Secretary Thompson, Chinese Health Minister Vow to Cooperate on SARS

U.S. Health and Human Services Secretary Tommy G. Thompson said the minister of health of the People’s Republic of China agreed today to increase cooperation with the United States and global health officials to combat and learn more about the spread and origin of Severe Acute Respiratory Syndrome (SARS). In a 45-minute telephone conversation with Health Minister Zhang Wenkang, M.D., Secretary Thompson said the United States and HHS are “truly committed to this being a collaborative effort with China.”From the U.S. Dept. of Helatth and Human Services:
Secretary Thompson, Chinese Health Minister Vow to Cooperate on SARS

Secretary Tommy G. Thompson said the minister of health of the People’s Republic of China agreed today to increase cooperation with the United States and global health officials to combat and learn more about the spread and origin of Severe Acute Respiratory Syndrome (SARS).

In a 45-minute telephone conversation with Health Minister Zhang Wenkang, M.D., Secretary Thompson said the United States and HHS are “truly committed to this being a collaborative effort with China.”

“The minister of health was very cooperative,” Secretary Thompson said. “We’re going to continue talking, and he wants to do more with the Department of Health and Human Services. It is important that we be as open and collaborative as possible in finding solutions to this difficult problem. By working closely together, scientists and public health experts throughout the world will be in a stronger position to resolve this global outbreak.”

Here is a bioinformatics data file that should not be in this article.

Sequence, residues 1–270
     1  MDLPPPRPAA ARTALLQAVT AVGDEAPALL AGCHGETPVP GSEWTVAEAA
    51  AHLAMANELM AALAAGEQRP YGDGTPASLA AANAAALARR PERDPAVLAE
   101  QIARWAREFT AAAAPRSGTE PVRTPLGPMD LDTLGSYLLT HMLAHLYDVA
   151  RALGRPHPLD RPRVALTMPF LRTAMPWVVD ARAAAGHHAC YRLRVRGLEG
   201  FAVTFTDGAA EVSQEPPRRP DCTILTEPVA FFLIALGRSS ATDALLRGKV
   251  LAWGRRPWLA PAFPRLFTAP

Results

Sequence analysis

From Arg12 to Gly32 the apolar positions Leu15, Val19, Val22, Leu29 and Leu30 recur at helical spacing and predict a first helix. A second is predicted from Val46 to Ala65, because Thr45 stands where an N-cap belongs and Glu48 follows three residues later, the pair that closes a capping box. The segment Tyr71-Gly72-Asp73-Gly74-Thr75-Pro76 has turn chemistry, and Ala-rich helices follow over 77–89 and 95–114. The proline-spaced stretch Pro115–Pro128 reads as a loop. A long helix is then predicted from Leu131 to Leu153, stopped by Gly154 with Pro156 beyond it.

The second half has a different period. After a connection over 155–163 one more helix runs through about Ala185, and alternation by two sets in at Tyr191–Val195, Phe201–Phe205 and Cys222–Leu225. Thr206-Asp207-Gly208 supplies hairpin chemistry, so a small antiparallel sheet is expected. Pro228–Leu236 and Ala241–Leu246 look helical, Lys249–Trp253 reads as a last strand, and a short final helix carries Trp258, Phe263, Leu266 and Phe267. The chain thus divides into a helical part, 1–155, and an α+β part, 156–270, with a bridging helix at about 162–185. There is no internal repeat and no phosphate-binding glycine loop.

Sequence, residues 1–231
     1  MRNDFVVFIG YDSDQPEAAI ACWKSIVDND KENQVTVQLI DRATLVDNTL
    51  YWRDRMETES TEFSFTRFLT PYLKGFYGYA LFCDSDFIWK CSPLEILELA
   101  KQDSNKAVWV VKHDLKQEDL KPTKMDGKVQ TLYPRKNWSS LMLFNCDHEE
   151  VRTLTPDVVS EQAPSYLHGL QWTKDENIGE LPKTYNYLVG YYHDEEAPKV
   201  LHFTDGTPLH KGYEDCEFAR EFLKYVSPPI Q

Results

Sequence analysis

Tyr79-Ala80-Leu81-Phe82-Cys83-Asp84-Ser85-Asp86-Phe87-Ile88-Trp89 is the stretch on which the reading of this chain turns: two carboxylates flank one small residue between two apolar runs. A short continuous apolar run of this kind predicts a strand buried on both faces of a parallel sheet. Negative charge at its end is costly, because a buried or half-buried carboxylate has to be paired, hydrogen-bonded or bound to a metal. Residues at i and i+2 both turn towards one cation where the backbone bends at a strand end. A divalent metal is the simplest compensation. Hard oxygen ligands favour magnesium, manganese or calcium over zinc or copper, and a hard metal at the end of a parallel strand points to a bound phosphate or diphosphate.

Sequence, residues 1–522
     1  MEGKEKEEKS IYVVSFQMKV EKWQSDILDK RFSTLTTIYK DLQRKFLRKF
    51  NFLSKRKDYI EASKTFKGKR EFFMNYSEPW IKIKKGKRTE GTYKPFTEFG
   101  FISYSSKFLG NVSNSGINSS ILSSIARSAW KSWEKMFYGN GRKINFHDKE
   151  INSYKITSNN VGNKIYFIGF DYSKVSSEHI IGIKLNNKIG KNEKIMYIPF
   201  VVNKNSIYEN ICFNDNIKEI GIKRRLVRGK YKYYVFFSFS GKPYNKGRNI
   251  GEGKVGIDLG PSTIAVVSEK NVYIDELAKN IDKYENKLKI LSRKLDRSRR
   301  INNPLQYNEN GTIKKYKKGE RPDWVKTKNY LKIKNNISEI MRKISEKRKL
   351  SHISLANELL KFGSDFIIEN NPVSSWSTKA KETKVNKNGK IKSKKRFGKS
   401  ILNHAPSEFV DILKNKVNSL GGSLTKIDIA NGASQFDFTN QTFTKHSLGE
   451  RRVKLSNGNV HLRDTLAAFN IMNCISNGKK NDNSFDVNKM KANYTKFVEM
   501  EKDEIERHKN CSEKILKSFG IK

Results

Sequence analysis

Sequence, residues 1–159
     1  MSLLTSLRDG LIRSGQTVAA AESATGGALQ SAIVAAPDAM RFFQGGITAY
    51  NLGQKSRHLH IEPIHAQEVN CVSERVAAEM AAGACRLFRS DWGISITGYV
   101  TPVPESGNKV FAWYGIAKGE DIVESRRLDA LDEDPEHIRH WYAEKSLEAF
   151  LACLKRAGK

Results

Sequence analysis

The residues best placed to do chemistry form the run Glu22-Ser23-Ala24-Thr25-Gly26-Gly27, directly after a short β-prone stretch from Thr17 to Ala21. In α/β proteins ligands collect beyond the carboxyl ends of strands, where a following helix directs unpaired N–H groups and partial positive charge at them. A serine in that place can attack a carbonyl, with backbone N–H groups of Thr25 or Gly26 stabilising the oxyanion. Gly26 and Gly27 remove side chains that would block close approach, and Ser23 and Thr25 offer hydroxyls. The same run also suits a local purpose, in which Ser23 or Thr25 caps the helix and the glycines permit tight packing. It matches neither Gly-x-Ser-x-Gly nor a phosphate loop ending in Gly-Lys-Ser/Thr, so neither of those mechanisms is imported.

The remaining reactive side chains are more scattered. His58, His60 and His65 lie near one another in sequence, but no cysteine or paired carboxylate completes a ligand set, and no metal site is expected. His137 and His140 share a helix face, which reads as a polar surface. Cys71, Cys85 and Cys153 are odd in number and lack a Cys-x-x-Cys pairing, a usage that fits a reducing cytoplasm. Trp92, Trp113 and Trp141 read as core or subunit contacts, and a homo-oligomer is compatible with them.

Southern China is where the largest number of cases have been reported and is believed to be the origin of SARS, a contagious respiratory illness that has recently been reported in Asia, North America and Europe. Symptoms include coughing, fever and shortness of breath. Worldwide, more than 2,300 cases and 84 deaths have been reported, according to the World Health Organization (WHO).

Cases of SARS have been reported primarily among people who have had direct close contact with an infected person, such as those who live with a SARS patient and health care workers.

HHS’ Centers for Disease Control and Prevention (CDC) is working closely with WHO and other partners as part of a global collaboration to address the SARS outbreak. For its part in this international effort, CDC has committed more than 160 infectious disease experts and support staff to work on the SARS response; deployed medical officers, epidemiologists, and other specialists around the world, including China; provided ongoing assistance to state and local health departments in investigating possible cases of SARS in the United States; and conducted extensive laboratory testing of clinical specimens from SARS patients to identify the cause of the disease.

Minister Zhang told Secretary Thompson that he was pleased that U.S. officials are so concerned about SARS. According to the minister, the epidemic peaked in China in late February and the Chinese government is working for “total control and effective management of this disease.” The Chinese government also has urged its citizens to work to prevent the spread of SARS, the minister said.

“Our work on the SARS outbreak is one of the department’s top priorities,” Secretary Thompson said. “We will continue to work diligently at home and abroad to provide the public with the medical protection they need to combat this disease. I welcome Minister Zhang’s pledged cooperation and look forward to working with his country to learn more about SARS.”

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